Siachen Base Camp is an Indian Army base camp located in the Nubra Valley of Ladakh. It is one of the 2 bases from where the military operations at Siachen Glacier are controlled, the other base being near THOISE. Tourism is now allowed in the region, even though civilians are not permitted to go all the way inside the Army base.
The drive from Leh to Siachen Base Camp is about 200 kilometers long and will take you anywhere between 8 to 10 hours to complete. The road runs across the high-altitude pass of Khardung La and the scenic Nubra Valley.
I was recently on a two-month-long road trip to Ladakh. We spent 5 days in Nubra Valley and one of these days was used to visit the Siachen Base Camp and OP Baba Shrine. The post below is a brief narration of our visit and contains several necessary details that can be of help in planning a trip to this region.
Journey So Far:
- Stok Palace – Day 23
- Spituk Monastery – Day 25
- Tsemo Castle – Day 26
- Phyang Village – Day 27
- Leh Old Town – Day 28
- Leh to Hunder via Khardung La – Day 29
- Hunder to Thang Village – Day 30
- Thang to Turtuk Village – Day 30
To read the previous parts of the travelogue, you can click on the links above. Also, posted below is a video of our journey that you can also take a look at. Or you can read on to get more details on how to plan a trip to Siachen Base Camp.
What is Siachen
First of all, let me begin with some information on what exactly Siachen is. The Siachen Glacier is a glacier located in the eastern Karakoram range in the Himalayas, just northeast of the point NJ9842 where the Line of Control between India and Pakistan ends.
“Sia” in the Balti language refers to the rose family plant widely dispersed in the region. “Chen” refers to any object found in abundance. Thus the name Siachen refers to a land with an abundance of roses.
At 76 km long, it is the longest glacier in the Karakoram and the second longest in the world’s non-polar areas. The entire Siachen Glacier, with all major passes, is currently under the administration of India since 1984.
More importantly, however, at an altitude of 5,753 meters (18,875 ft), it is now the world’s highest battleground. It is an active battle zone where Indian and Pakistani forces remain engaged in conflict all 12 months.
It however is not really the matter of the constant battle out here. More soldiers have died at Siachen from the harsh weather conditions in the region than from combat.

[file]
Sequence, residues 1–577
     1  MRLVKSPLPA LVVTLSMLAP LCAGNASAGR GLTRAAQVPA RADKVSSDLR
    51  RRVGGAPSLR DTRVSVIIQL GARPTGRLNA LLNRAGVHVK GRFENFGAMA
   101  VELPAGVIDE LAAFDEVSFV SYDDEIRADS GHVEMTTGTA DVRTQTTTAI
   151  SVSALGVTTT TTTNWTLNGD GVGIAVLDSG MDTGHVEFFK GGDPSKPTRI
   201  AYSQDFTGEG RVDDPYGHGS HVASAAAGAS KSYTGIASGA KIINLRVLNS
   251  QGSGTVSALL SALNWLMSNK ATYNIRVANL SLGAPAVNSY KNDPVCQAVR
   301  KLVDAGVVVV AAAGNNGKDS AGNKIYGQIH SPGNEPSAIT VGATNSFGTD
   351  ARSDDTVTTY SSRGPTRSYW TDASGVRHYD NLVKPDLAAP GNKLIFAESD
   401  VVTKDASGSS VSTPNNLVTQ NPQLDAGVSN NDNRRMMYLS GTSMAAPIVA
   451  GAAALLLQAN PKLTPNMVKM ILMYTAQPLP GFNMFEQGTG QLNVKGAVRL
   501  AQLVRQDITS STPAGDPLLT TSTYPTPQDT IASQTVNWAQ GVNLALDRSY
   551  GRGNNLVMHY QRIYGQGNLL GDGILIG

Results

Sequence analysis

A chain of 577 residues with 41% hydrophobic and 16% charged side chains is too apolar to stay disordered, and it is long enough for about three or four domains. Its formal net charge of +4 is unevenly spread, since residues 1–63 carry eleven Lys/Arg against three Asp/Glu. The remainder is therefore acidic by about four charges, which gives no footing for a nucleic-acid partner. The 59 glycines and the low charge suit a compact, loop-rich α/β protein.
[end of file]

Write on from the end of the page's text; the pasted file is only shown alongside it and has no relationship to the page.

So that is Siachen for you. It is not an adventurous place, not a tourist spot, or an area where tourists are allowed. It is not a place where you go just for a challenge or to explore. Siachen is where you run a great risk of dying if you were not careful, prepared, escorted, and trained for it.
What is Siachen Base Camp
Siachen Base Camp is the base camp, or in layman’s terms, the army base from where Indian Indian Army mans the Glacier operations. This is where the road ends and treks to various army posts at Siachen Glacier begin.
The base runs a Siachen Battle School for pre-induction training, orientation, and acclimatization for fresh troops before they are deployed at various Army posts at Siachen Glacier. The base has helipads, a memorial for martyrs, a medical unit, etc and it is connected by a motorable road.
Also read: How to Plan a Trip to Leh Ladakh
Where is Siachen Base Camp
Siachen Base Camp is located in the Nubra Valley of the Ladakh region. From the town of Leh, you will cross Khardung La to enter the valley and drive through Panamik and Warshi villages to reach the base camp.
It lies at a distance of about 200 kilometers from Leh, 120 kilometers from Diskit, 65 kilometers from Sumur, and about 45 kilometers from Panamik.
Siachen Base Camp Permit
There is no special permit needed to visit the base camp. Your Inner Line Permit procured for visiting Nubra Valley will stand valid for a trip to the base camp as well.
One thing to note here is that you still cannot visit the actual Army Base Camp. Tourists are allowed only to the OP Baba Shrine which is located about 2 to 3 kilometers from the Base Camp. You cannot go any further than that. Read on to find out more.
How to Reach Siachen Base Camp
Let us now talk about how to go to Siachen Base Camp and the route that you will need to follow. It is ideally a 2 days trip from Leh City. You will first have to reach any of the towns in Nubra Valley from Leh and stay there for the night.
On Day 2, you will make a day trip to Siachen Base camp and return back to Nubra Valley. On 3rd day you can either return to Leh or continue to Pangong Lake via Agham Shyok Road.
Below are the routes that you can follow to reach Siachen Base Camp from Leh City. The first one is a direct and the fastest way to get there. The second one is more of an indirect route that you can follow if it helps plan your itinerary better.
Siachen Base Camp Route via Nubra Valley
Traveling via Nubra Valley, below is the route that you will follow. The journey can take you anywhere between 8 to 12 hours depending on your speed and traffic at Khardung La.
Leh – Khardung La – Khalsar – Sumur – Panamik – Warshi – OP Baba Shrine – Siachen Base Camp
From Leh, you will first drive up to the Khardung La Pass. Even though this is a journey of only about 35 kilometers, it can still take 2-3 hours if there was heavy traffic on this road.